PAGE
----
It is also not a surprise that homeless trans persons avoid the youth, women’s and homeless shelters where they were usually expected to impersonate their birth gender, and even then were often turned away. Seven years later in 2002, Toronto revised its shelter standards: "It is expected that all shelters be accessible to transgendered/transsexual/two-spirited residents in their self-defined gender and that shelters will work toward improving access to this group”. This was a step forward, but practice lags behind theory. Interestingly, Namaste reports that some trans women opted to go to gay bathhouses rather than to the city shelters. This in turn raises questions that she does not answer. The gay bathhouses admit only men, and therefore to some extent the trans women must be impersonating their birth gender there also.
In discussing trans persons who attend Alcoholics Anonymous, she mentions that many AA members are transphobic. Some trans persons attend AA either as their birth gender or as their chosen gender but in both cases feel frustrated in that they cannot talk about what actually drove them to drink. Now just a minute. The latter group, those who attend as their chosen gender are complaining that they pass. The down-side of stealth or passing is that there are things that one cannot talk about. It is difficult for a trans alcoholic to attend AA unless he or she is out, for this very reason. Ideally there should be a specialist trans AA group, but failing that would it not be better to attend a gay/lesbian group where one can be out as trans, rather than a heterosexual group where one is intimidated not to discuss the real issue.
While Namaste was conducting her study in the Summer of 1995, a provincial election returned the Progressive Conservatives under Mike Harris with an item in their manifesto that they would discontinue funding under the provincial health plan for SRS. This put Namaste in a bind when she wrote her report in that she did not want to provide material that would support that intention. This book, published in 2000, contains data that she left out. Nevertheless the Harris government did suspend funding in 1998, and the suspension remained in place until reversed by the Liberal government in 2008.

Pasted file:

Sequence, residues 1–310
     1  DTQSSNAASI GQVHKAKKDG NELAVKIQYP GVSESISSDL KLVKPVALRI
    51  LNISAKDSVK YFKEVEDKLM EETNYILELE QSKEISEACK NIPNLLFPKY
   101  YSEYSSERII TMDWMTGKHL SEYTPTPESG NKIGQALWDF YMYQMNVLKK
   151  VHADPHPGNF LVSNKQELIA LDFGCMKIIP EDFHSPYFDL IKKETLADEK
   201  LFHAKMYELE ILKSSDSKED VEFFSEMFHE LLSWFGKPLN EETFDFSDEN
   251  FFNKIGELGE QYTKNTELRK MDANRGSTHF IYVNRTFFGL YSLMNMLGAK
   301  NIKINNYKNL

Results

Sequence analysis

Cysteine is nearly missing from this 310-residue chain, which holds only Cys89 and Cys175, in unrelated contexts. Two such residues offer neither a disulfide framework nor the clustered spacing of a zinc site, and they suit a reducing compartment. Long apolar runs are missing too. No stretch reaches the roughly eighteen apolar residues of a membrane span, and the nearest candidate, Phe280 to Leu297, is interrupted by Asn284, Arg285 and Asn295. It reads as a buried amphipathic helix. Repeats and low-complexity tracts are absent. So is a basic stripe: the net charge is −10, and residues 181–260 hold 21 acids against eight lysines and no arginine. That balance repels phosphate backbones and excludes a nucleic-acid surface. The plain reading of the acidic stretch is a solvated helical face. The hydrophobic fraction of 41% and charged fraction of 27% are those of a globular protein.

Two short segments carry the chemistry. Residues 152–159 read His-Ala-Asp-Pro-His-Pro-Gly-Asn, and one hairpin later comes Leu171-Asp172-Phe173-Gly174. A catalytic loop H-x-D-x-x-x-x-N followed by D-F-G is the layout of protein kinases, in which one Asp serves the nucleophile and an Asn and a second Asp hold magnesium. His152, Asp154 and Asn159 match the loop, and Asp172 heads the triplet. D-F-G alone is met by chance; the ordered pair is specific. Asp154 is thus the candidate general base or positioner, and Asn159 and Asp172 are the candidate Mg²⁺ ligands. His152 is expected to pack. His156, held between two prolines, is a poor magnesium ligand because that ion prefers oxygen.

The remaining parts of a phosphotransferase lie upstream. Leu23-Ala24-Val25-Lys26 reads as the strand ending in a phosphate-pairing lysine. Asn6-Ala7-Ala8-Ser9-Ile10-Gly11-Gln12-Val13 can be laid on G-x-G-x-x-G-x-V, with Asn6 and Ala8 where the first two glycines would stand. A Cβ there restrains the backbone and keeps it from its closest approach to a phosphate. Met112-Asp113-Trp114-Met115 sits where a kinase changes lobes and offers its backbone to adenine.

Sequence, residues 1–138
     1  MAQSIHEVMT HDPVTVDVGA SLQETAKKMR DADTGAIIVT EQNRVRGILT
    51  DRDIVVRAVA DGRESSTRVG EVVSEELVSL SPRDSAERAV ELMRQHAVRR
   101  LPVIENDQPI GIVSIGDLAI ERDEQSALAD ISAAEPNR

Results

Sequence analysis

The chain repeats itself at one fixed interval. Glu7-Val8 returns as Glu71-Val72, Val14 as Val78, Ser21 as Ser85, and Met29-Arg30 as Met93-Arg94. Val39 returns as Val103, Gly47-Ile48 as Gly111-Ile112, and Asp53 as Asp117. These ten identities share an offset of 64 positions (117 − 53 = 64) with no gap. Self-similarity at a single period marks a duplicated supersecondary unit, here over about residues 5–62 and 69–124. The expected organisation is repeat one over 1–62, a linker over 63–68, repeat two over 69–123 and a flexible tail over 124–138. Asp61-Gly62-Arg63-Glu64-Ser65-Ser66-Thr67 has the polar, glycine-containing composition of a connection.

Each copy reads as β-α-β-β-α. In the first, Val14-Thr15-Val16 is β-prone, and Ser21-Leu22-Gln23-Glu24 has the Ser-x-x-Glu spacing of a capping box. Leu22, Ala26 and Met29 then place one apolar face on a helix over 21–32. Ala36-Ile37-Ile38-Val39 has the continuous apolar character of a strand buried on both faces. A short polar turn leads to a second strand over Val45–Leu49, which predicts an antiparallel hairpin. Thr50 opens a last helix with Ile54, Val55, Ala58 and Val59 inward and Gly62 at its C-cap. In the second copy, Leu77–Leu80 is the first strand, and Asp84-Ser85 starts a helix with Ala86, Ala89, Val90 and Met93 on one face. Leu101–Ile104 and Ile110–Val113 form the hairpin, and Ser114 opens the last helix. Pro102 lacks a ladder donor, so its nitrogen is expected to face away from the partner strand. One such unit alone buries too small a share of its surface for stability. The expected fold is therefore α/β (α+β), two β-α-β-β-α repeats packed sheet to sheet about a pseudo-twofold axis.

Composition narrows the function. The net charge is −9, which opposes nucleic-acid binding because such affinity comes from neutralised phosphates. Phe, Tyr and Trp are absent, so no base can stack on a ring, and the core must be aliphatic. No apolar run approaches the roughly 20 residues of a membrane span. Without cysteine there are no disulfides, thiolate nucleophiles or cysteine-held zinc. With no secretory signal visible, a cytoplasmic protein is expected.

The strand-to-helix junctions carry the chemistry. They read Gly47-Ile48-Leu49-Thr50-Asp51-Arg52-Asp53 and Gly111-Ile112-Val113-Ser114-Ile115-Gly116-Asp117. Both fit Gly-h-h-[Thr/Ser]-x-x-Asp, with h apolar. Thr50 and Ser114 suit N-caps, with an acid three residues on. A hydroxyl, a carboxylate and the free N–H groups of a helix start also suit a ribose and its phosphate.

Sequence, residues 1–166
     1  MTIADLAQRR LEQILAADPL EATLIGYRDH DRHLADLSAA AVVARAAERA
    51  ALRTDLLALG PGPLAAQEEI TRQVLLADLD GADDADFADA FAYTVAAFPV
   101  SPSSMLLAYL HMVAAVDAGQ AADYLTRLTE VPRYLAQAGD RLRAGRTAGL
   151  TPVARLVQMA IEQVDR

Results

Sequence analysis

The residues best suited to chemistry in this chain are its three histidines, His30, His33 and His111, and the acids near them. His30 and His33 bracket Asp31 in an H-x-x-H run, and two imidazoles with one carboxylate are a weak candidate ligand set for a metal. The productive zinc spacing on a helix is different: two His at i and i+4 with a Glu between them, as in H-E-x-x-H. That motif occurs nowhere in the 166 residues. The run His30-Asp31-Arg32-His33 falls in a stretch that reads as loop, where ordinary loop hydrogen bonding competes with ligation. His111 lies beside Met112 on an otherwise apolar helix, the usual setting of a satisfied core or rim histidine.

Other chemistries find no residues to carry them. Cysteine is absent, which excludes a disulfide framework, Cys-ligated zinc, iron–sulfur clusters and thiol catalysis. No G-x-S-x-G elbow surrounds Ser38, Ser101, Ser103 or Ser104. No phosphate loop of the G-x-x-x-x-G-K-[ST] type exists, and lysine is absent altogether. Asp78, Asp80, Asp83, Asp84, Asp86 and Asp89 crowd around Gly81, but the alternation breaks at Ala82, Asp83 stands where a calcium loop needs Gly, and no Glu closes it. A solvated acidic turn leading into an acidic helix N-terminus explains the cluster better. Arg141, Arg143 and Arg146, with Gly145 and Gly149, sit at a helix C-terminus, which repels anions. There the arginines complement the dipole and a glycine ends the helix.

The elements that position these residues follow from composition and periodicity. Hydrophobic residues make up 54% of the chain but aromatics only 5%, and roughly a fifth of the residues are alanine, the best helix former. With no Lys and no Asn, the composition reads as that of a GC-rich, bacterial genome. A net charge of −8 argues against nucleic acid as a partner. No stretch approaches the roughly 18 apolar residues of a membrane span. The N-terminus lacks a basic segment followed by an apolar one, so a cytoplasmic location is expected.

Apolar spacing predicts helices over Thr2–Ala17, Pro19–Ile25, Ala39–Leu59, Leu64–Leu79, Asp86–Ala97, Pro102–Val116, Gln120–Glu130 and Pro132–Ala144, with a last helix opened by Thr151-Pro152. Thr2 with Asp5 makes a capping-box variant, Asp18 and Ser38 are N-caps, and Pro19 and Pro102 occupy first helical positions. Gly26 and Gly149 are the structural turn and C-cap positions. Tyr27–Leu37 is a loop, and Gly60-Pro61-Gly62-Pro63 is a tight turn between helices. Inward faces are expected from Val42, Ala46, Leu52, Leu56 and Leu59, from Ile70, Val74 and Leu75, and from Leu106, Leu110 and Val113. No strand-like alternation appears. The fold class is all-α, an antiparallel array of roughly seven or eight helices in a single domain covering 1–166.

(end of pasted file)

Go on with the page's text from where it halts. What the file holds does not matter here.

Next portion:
The major complaint of the 19 respondents who were or had been enrolled at the Clarke Institute Gender Identity Clinic was the requirement that they do 12 months of real-life test before starting hormones. This is more than is required by the HBIGDA (now WPATH) Standards of Care, but is required by several Gender Identity Clinics. Namaste reports that the staff at the Clarke Institute Gender Identity Clinic estimate that 30-50% of their clients are receiving hormones from somewhere else, but contrary to what some expect, such clients are not expelled from the program. It is of course, as Namaste explains, not good health care to force persons to cross-live without hormones if such policy leads to them being beaten up.